Erin Andrews was badly miscast as a studio anchor, she struggled in that role from the get go. The sideline-type work is her strength, so the switch just makes sense. Anytime you have newspaper people trying to write about specific fields without the background and knowledge, it just must be taken with a grain of salt.

    • Paul Lukas | July 21, 2014 at 10:52 am |

      I think the bigger issue is why almost all sideline reporters are women. It’s a classic ghetto-ization move. Sideline reporters add almost zero to the broadcast (when’s the last time a sideline reporter broke a story?). Meanwhile, women can’t get into the broadcast booth — they’re relegated to the eye-candy role on the sidelines. It’s bullshit.

      • Tony C. | July 21, 2014 at 12:52 pm |

        Woman do get into the broadcast booth.. ESPN has a female Beth Mowins) on their college football broadcast team.. i think she did a few Ohio State games last year.

        • Adam N. | July 21, 2014 at 12:59 pm |

          And I would assume we’ll see more as more women develop a strong interest in male sports.

          If 15 years ago, the US had 100 million football fans/devotees and only 5-10 million were female, doesn’t it stand to reason that a vast majority of all broadcasters would be male? Add in that being a former NFL player or college standout is required for about 2/3rds of the posts (thus eliminating 95% of male fans and almost all female fans), its no surprise that the relatively small group of female football fans, none of whom have played football at a high level, have had a hard time cracking into the field.

      • walter | July 21, 2014 at 1:39 pm |

        I thought women were cast as sideline reporters because a coach whose team was screwing up on the field might be less inclined to give nasty and peevish answers to a woman’s questions than a man’s. Not that it’s right, but it has crossed my mind.

        • DenverGregg | July 21, 2014 at 3:07 pm |

          That’s at least partially plausible as a secondary reason. Also the counter-example of Tony Siragusa would seem to bolster this suggestion as not too many coaches would mouth off to him either, while I bet plenty of coaches would derive no small pleasure from channeling their inner R. Lee Ermey on Joe Buck.

      • Jim Gregg | July 21, 2014 at 4:49 pm |

        Don’t let Erin, Holly Rowe and other female sideline reporters say that they are eye candy and nothing else. They might take exception to that. Personally, I have no issue with any of this. A woman’s right to choose you know.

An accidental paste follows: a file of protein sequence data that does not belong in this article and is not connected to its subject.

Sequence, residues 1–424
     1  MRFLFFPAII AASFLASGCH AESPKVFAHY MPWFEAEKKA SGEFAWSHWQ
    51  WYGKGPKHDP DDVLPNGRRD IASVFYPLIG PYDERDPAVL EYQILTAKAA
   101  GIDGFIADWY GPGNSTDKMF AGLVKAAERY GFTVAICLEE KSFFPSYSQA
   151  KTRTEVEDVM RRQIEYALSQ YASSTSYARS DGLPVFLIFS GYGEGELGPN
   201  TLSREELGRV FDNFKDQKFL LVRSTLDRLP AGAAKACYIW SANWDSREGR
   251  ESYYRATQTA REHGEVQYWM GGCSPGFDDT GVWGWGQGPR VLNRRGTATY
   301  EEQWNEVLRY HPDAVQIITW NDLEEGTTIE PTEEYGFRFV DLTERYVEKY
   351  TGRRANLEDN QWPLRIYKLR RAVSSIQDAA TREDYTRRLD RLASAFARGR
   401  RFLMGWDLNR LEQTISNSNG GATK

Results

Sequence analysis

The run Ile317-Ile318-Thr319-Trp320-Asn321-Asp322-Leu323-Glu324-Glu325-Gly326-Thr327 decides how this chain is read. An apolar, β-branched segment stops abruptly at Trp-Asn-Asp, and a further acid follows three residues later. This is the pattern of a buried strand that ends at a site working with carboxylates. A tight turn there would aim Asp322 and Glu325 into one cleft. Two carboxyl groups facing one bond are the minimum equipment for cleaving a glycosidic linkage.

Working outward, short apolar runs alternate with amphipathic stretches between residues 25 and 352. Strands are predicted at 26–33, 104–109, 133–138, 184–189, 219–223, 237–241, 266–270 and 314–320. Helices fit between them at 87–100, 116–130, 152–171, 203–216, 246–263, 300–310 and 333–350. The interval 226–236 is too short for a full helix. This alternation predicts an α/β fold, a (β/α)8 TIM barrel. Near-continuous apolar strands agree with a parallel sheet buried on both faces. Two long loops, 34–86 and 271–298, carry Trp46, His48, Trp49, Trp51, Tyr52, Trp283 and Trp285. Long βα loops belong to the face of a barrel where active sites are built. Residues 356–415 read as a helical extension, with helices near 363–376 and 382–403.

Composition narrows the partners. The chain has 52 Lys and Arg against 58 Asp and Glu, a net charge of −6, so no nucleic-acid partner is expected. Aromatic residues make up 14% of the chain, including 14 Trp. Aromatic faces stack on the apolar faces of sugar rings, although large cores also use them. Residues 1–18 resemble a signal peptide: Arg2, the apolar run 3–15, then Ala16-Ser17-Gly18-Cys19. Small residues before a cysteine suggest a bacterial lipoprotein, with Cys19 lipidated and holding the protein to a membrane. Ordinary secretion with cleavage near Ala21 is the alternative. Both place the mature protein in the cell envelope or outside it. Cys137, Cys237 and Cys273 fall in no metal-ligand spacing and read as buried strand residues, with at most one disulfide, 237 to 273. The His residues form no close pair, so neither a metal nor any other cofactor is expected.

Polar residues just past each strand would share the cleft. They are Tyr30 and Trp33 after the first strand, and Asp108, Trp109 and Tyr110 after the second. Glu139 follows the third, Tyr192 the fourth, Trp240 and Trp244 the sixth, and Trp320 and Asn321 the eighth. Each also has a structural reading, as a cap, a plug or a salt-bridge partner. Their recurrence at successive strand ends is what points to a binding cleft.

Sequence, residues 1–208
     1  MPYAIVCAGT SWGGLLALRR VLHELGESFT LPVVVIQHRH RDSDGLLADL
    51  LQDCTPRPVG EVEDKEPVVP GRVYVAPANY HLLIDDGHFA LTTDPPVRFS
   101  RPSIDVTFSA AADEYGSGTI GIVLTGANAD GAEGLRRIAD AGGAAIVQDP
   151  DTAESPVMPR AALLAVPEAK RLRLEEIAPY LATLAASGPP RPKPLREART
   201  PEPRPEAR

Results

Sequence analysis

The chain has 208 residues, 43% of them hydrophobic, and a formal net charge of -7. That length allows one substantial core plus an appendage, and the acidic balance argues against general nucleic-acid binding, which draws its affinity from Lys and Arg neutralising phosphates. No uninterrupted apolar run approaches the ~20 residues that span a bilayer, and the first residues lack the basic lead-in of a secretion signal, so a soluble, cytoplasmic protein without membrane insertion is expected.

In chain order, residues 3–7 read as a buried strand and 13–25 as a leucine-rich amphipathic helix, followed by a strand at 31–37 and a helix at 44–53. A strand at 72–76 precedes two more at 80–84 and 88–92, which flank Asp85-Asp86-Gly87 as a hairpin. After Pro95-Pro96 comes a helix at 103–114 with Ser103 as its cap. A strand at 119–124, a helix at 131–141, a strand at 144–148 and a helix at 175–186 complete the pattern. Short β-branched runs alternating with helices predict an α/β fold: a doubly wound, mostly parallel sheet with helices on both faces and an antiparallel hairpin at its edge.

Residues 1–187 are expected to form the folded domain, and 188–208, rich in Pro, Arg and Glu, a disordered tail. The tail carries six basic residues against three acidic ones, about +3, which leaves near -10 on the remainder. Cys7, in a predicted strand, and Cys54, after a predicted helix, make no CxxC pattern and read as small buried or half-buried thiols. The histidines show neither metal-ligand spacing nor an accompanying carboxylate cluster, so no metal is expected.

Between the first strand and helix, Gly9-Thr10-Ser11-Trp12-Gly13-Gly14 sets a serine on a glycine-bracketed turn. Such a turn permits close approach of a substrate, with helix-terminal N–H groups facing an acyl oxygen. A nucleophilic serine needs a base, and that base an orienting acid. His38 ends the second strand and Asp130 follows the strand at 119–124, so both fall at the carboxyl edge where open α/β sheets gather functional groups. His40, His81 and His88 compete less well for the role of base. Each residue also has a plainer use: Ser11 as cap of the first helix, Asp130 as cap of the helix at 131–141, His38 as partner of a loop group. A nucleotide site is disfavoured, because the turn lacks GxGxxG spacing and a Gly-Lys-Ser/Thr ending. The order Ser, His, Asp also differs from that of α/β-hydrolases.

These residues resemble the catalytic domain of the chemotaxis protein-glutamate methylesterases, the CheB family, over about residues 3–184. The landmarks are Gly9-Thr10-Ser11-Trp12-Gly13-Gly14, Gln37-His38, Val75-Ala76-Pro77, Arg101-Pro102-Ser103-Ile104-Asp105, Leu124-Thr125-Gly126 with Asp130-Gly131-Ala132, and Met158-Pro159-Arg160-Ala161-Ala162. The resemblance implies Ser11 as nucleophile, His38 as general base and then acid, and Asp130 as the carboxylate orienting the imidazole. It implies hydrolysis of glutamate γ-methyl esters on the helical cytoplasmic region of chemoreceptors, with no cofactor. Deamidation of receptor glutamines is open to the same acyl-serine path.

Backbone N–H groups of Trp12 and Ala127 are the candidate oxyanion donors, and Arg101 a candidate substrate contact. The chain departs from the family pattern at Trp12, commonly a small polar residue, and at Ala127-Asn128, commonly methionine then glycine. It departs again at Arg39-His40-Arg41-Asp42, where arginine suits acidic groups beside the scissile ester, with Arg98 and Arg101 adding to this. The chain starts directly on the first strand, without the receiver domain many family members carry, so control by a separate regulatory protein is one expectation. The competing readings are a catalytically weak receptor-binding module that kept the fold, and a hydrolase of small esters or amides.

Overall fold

• Ted | July 21, 2014 at 10:49 am |

    Lets not forget Hockey games are show business. People like seeing beautiful girls wearing revealing outfits. The girls understand their role is not just to pick up ice. They are performers in a sense.

    • Paul Lukas | July 21, 2014 at 10:54 am |

      Ah yes, it’s just business — the all-purpose assertion that self-justifyingly makes everything OK.

      Not.

      • keith | July 21, 2014 at 11:37 am |

        no, he said show business, not business. show business, like it or not, and you don’t like it apparently, is going to be performed by people who fit the conventional standard of beauty. we’re shallow. we like pretty people to perform.
        justification is subjective. what might not be justifiable to you, might make perfect sense to me. everyone has a different threshold. unless you’re Darren Rovell. then anything goes as long as it helps build the brand!

        • Paul Lukas | July 21, 2014 at 11:50 am |

          Even if it were somehow necessary to have “pretty people” clearing the ice with a shovel (which it isn’t), I fail to see how that translates into the need for push-up bras and other sex-kitten attire. I also fail to see why the male ice-cleaners don’t wear similarly sexualized outfits.

  • jrod3737 | July 21, 2014 at 10:50 am |

    The Ice Girls thing is very simple. Advertising is only effective when you can get people to look at it. Ice girls get people to look at them, and in essence the advertising. What drives up the cost of advertising? Visibility. So this isn’t about objectifying women, though in reality it actually is completely about objectifying women. From a “business standpoint” it’s about increasing the value of their advertising around the rink.

    • Paul Lukas | July 21, 2014 at 10:53 am |